These cases represent the better view. Nor does it appear that the Braniff court would disagree. There it was concerned with mere rules issued by a federal agency having exclusive jurisdiction and bearing no resemblance to the creation of a license or vested privilege. Here, the County's position is that Beker cannot use state and federal highways within the County absent a DRI permitting it to do so. County's Supplemental Memorandum at 16-17. Thus, a DRI, insofar as it is required to utilize roads, is effectively a license.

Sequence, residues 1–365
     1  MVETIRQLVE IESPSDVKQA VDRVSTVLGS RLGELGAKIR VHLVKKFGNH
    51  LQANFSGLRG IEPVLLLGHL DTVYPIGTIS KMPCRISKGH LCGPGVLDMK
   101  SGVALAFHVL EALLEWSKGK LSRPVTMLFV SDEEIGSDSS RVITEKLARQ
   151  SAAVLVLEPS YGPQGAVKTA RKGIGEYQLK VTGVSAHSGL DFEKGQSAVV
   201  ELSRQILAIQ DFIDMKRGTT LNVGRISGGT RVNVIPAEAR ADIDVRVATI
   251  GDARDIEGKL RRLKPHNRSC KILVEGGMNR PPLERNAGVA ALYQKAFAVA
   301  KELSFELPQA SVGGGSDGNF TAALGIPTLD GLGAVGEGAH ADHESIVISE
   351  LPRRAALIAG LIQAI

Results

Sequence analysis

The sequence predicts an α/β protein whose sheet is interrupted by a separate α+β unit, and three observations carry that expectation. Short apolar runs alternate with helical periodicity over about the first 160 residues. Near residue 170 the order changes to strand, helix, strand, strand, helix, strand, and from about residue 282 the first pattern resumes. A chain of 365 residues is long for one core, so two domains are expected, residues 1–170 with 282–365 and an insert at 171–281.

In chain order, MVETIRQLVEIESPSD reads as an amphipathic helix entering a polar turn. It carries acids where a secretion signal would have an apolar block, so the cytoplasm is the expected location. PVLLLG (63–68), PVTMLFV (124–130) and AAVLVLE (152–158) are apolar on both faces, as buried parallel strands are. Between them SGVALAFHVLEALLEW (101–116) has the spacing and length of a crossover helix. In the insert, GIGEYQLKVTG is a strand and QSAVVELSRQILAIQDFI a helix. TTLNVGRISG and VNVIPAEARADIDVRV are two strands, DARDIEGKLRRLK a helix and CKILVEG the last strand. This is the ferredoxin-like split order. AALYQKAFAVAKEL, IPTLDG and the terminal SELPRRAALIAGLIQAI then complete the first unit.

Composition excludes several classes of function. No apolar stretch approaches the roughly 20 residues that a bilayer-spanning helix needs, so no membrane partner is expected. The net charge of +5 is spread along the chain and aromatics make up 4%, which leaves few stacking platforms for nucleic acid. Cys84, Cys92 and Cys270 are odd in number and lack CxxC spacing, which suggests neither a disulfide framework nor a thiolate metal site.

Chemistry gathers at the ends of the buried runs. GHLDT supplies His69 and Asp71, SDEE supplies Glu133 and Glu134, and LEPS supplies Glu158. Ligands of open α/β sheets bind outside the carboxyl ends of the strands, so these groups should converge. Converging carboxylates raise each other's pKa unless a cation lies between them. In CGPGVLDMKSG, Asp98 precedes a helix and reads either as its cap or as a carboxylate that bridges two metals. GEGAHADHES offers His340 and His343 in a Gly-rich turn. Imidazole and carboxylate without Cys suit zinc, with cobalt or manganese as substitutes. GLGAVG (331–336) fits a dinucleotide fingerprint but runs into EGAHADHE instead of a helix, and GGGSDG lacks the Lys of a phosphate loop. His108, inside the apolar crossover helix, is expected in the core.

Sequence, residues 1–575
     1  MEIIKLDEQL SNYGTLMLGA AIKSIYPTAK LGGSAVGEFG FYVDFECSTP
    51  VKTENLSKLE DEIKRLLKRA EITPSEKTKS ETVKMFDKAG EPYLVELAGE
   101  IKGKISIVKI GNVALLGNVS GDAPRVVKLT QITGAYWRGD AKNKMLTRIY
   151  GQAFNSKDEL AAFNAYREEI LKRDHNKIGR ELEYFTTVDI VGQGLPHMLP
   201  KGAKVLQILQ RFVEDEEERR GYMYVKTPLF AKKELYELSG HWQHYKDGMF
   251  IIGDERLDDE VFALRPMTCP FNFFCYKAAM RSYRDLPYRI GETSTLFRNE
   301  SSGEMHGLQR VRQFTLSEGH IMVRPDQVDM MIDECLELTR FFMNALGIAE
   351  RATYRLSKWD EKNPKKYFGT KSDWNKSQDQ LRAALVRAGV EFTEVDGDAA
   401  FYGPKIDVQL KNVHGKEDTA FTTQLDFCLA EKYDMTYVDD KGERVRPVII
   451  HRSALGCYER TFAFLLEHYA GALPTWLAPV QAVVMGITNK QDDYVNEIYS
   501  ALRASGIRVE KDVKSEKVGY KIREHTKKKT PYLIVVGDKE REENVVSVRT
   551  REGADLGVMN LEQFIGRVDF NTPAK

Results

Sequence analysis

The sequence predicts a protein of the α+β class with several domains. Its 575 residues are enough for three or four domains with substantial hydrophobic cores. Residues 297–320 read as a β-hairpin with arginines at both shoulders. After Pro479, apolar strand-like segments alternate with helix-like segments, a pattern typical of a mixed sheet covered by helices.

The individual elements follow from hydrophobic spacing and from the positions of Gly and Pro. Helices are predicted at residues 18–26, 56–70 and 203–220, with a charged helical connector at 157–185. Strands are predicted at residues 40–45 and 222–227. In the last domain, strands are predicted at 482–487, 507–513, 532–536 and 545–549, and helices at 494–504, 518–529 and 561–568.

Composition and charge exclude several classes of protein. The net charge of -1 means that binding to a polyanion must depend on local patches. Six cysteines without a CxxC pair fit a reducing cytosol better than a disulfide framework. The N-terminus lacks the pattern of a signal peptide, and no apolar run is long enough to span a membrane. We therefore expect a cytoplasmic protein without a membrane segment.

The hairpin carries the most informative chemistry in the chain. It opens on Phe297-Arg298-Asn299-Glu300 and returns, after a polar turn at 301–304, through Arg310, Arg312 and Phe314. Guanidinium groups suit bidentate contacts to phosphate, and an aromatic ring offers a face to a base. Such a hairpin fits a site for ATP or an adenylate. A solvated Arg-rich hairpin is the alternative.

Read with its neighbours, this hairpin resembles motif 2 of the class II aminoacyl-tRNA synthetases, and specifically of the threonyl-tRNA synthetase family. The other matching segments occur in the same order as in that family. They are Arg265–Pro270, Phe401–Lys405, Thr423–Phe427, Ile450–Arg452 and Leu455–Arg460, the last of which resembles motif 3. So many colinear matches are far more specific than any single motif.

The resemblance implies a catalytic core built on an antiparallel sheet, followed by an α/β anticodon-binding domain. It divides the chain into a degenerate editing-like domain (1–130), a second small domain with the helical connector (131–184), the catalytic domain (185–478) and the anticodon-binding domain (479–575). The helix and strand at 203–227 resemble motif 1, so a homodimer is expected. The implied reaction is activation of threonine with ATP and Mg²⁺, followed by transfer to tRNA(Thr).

These cases, moreover, accord with Garrity v. Goldsterin (In re National Hospital Institutional Builders Co.), 658 F.2d 39 (2d Cir. 1981), cert. denied, 454 U.S. 1149, 102 S.Ct. 1014, 71 L.Ed.2d 303 (1982) where it was assumed that a certificate of occupancy, even though dormant pursuant to local ordinance, was property of the estate. To hold otherwise would be to rule, as the County says here, that a property interest subject to regulation, as nearly all are, or conditioned upon regulatory requirements, is not property of an estate. Such a ruling would contemplate that all licenses and permits issued by governmental units are not property of the estate even though the County concedes that they are.